I wanted to catch it on the big screen during a midnight showing at Fantastic Fest in Austin, Texas, last month, but it was sold out (not to mention, I can’t stay up that late); in hindsight, home is where the art is. For the Boyle family, however, home is where the disembodied heart is. The married couple (Paolo Malco and Catherine MacColl, neither strangers to Fulci’s filmography) and their single-digit son, Bob (Giovanni Frezza, ditto), move from New York City into some sweet digs by Boston, dubbed Oak Mansion.
For the viewer, the first red flag they should stay rooted in the Big Apple is the opening prologue, depicting the brutal murder of a horny young thing in the abandoned abode. For the Boyles, however, it’s Bob’s insistence that a little girl in a black-and-white photo of Oak Mansion’s exterior is warning them not to move in. His parents dismiss it, but we see her wailing from the window, and the simple effect is a chilling harbinger of things to come.
Those things, of course, are more brutal murders, with the culprit unseen to us until the tail end. Naturally, this allows Fulci to focus his lens on the grisly details; the neck getting sliced open is particularly gruesome, but the most memorable image may be the swath of red left behind the mop of hair of a fresh kill being dragged across the wood flooring by God-knows-what.
Let’s just say it’s far more formidable than the bat that attacks Mrs. Boyle’s hairdo. It also resides in the basement, which makes for some genuinely tense scenes when Bob gets stuck in it behind a locked door, and Fulci refuses to cut or pan over to let us see how much time the poor kid has left.
The Blu-ray is beautiful, despite the bloody subject matter. This “House” was built in a time and place whose look can not be replicated properly, so to have it preserved like this is appreciated. I think I have a new annual Halloween favorite. New bonus interviews with five of its stars — all three Boyles included — reveal two interesting takeaways:
1. Fulci yelled a lot.
2. His movies aren’t so big a deal in Italy.
Really? Not even 1979’s “Zombie,” which tried to pass itself off in that country as an official sequel to George A. Romero’s “Dawn of the Dead” (itself made more Italian-friendly by Dario Argento’s longer, gorier cut)? Weird!
Perhaps the country just needs to take in Blue Underground’s new transfer on the double-disc “Ultimate Edition.” Previously, I’d seen “Zombie” only on VHS, and the difference is nothing less than startling — a solid reminder that sometimes, picture quality can be the only element standing between your enjoyment of and indifference to a movie.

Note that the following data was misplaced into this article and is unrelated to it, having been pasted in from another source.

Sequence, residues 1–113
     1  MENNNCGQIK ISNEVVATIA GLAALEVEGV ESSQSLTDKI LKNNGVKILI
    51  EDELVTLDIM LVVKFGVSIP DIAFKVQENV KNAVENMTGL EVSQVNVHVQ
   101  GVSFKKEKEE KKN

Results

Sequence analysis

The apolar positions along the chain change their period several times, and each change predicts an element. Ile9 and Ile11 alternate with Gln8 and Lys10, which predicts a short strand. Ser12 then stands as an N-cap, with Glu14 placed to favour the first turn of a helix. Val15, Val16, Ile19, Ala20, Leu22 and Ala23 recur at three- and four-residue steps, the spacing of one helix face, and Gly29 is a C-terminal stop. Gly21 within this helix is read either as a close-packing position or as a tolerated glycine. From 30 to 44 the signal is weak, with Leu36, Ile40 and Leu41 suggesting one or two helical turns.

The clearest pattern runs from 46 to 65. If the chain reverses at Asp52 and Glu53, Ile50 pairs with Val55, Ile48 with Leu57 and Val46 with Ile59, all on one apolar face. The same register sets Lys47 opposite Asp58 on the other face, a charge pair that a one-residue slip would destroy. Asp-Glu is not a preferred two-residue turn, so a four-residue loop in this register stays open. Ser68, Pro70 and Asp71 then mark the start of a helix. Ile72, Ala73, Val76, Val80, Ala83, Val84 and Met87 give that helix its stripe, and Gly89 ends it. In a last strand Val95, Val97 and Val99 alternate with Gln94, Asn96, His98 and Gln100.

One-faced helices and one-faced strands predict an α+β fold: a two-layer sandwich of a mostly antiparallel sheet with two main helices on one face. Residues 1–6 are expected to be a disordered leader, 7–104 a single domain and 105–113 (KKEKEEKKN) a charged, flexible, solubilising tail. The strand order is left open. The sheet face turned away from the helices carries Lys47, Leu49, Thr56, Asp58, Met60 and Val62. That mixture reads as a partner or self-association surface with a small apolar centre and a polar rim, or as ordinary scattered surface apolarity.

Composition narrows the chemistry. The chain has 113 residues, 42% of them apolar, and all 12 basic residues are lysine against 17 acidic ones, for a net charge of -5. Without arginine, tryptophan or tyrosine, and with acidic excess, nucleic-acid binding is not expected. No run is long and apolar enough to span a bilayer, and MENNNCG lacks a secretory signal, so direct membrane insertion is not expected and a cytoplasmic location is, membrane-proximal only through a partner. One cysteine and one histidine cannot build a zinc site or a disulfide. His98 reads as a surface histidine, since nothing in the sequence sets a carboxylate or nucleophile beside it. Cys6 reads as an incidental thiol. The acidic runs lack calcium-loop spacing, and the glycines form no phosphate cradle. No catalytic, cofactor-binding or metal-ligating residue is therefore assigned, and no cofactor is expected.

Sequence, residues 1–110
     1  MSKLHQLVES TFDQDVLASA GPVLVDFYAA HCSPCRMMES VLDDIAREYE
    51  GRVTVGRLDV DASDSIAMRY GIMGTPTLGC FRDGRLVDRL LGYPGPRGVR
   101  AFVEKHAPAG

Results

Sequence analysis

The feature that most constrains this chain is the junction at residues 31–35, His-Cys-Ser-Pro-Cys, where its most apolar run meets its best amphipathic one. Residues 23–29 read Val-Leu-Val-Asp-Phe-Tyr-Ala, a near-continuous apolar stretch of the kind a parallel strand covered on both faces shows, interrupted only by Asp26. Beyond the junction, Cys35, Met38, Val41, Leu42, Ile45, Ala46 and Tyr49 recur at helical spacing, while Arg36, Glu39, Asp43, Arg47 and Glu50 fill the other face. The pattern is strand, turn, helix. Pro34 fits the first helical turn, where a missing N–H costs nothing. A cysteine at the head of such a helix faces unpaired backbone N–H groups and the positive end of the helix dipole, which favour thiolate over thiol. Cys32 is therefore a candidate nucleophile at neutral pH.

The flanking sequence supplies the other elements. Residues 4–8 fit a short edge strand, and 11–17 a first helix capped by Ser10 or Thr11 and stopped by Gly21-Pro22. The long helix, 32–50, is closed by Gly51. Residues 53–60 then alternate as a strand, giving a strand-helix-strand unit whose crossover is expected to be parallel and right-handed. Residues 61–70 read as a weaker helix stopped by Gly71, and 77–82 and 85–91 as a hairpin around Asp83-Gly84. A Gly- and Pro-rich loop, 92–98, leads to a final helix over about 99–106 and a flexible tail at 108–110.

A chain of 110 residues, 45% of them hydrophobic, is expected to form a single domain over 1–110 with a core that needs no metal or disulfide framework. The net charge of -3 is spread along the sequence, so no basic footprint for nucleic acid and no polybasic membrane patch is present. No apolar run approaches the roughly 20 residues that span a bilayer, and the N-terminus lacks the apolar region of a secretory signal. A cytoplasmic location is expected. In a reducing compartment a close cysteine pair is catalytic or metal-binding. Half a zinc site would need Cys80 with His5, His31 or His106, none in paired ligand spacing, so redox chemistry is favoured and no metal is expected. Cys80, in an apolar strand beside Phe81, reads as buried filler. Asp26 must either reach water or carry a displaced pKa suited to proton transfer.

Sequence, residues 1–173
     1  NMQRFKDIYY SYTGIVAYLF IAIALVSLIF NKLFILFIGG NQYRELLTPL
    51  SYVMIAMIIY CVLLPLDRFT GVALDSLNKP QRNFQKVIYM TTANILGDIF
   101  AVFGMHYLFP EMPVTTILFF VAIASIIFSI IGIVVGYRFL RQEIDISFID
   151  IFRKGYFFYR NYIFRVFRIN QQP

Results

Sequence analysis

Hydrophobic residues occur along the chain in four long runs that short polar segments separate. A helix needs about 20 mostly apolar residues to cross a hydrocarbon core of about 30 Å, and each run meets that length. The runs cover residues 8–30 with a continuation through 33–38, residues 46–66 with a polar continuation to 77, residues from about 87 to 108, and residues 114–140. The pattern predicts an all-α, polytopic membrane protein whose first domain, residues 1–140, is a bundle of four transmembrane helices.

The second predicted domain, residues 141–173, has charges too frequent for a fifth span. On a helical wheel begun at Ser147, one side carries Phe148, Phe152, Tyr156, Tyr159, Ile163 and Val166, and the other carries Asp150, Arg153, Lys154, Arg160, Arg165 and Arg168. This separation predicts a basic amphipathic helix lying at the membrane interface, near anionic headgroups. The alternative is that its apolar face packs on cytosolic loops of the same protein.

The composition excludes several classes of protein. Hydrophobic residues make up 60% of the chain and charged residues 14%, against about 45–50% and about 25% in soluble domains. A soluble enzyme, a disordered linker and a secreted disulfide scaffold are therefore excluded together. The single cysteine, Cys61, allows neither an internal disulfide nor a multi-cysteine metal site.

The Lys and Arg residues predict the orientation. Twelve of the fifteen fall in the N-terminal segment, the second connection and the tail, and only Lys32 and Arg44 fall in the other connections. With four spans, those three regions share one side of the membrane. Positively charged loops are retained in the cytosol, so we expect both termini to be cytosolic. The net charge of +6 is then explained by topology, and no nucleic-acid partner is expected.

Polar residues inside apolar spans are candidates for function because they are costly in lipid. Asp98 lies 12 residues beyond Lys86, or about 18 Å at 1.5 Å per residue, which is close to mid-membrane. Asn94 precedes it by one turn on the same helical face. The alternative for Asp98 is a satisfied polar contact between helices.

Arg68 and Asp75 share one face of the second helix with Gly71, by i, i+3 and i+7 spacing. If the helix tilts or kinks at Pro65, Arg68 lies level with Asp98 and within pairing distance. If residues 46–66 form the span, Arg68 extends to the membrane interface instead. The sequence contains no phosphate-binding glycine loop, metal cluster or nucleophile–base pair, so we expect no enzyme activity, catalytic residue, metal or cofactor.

Such was the case for me when I first caught it a decade ago. Initially, I got into its story of a boat sailing into New York’s harbors unmanned (well, unmanned by the living, that is) until Fulci’s frenzied flesh-eating carnage began, which resembled some amateur-hour, Super 8 stuff. It simply looked too cheap.
No more! This print is so vibrant and detailed, it’ll get under your skin, to a point where you’ll demand it to stop “messin’ me up wit’ your voodoo.” And good luck with that, as Fulci piles on one utterly grotesque scene atop another. “Zombie”‘s famous WTF scene comes when a topless scuba diver is saved from being eaten by a shark when a zombie capable of breathing underwater then wrestles with and bites said shark.
However, “Zombie”‘s most memorable moment is the one you’d like to forget. Good luck with that, too, as poor, pretty Olga Karlatos (“Cyclone”) gets her right eye penetrated rather goopily by the world’s longest, ungodliest splinter. It is one of the sickest scenes you’ll ever see — not merely of ocular trauma, but all moving-picture images in general — provided your peepers are still open at the point of contact. And dragging. (Argh, the dragging!) My orbs itch just thinking about it.
I wish Ms. Karlatos were present amid disc two’s numerous featurettes to discuss the splinter scene (and/or its preceding shower scene, if she so chose), but “Zombie” super-fan Guillermo del Toro (director of “Mimic“) is, bringing such an informed and insightful perspective to Fulci’s work that I wished he provided a full-length commentary. (Usually, I wish he’d just shut up.)
For newbies wanting to choose between the two, I’d recommend starting with “Cemetery.” It’s the better film. Note, however, that neither is for pussies. —Rod Lott